How cancer cells stay young and aggressive

Some of the cancer cells' closest allies have been unveiled. Fortunately, the researchers from BRIC (Biotech Research & Innovation Centre) at University of Copenhagen have also discovered how to beat them.

This could prove to be the first step towards a new remedy for cancer.

The BRIC research team has discovered a family of enzymes that prevents cancer cells to age like normal cells. The good news is, that the researchers have developed small molecules that can impede the enzyme activity.

It is researchers Paul Cloos, Jesper Christensen, Karl Agger, and Professor and Director of BRIC, Kristian Helin that have proved how the enzymes, which belongs to a family of enzymes called Jumonji-enzymes, play a role in the development of cancer. They have also established that the enzymes are more frequent in cancer cells than in normal cells.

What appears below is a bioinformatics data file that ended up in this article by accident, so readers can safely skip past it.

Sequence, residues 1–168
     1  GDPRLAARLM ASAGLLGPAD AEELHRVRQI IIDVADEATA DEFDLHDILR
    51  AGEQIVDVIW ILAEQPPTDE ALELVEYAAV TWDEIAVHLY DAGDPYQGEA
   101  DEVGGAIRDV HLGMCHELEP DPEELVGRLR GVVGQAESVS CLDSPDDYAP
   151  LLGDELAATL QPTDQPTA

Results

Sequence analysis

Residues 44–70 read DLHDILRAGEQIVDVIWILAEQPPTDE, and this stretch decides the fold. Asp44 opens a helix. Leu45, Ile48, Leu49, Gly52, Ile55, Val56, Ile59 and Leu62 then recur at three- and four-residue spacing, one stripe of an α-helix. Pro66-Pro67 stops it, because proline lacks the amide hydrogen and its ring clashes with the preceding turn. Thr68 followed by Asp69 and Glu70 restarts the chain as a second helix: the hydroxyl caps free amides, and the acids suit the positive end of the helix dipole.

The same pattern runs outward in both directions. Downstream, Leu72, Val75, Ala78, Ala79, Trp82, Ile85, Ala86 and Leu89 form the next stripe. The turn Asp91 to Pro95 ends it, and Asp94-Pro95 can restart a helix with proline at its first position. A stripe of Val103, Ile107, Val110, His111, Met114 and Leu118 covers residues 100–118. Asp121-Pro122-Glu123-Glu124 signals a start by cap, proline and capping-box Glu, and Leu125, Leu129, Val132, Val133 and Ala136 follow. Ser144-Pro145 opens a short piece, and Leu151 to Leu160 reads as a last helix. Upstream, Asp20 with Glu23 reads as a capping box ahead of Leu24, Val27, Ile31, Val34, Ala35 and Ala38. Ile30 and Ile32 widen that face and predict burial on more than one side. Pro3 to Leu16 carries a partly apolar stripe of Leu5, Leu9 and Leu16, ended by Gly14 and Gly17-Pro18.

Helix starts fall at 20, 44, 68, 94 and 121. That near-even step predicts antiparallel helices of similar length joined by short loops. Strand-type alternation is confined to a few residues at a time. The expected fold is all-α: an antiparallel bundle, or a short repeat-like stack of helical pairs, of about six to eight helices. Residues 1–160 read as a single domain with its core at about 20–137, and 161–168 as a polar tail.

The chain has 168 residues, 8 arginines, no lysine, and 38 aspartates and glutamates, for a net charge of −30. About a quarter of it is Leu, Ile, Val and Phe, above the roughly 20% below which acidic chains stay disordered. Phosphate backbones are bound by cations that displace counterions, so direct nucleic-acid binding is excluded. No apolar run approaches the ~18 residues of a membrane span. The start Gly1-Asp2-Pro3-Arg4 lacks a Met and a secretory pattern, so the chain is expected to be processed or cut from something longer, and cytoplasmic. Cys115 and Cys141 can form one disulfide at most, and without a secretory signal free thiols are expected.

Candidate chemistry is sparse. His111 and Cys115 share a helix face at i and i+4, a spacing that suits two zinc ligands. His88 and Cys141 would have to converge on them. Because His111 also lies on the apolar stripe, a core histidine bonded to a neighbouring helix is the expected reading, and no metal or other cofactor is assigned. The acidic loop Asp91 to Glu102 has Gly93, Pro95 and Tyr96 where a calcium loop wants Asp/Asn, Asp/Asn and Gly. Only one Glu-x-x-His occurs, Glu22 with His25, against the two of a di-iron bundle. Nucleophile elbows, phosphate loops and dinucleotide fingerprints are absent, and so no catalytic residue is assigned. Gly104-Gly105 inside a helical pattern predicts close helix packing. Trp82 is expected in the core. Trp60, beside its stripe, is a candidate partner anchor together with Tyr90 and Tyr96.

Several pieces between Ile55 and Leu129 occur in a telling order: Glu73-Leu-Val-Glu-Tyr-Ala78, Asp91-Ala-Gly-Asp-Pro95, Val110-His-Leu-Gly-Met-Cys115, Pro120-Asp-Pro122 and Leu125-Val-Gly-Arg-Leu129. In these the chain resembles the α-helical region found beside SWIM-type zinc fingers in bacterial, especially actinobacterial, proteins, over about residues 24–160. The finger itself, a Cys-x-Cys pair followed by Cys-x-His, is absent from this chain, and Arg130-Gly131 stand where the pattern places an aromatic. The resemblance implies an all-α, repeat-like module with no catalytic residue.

As cells are ageing, their DNA structures change and become denser. That causes the genes to be less active, which in turn will stop the cell division. The BRIC team has found three Jumonji-enzymes that are capable of loosening the DNA structure. If the cells have too many of the Jumonji-enzymes, the enzymes will make it possible for the genes to cause uncontrolled growth. That can lead to cancer.

The research team are currently working on determining how the Jumonji-enzymes control normal cell growth, and how the increased amount of these enzymes can lead to cancer.

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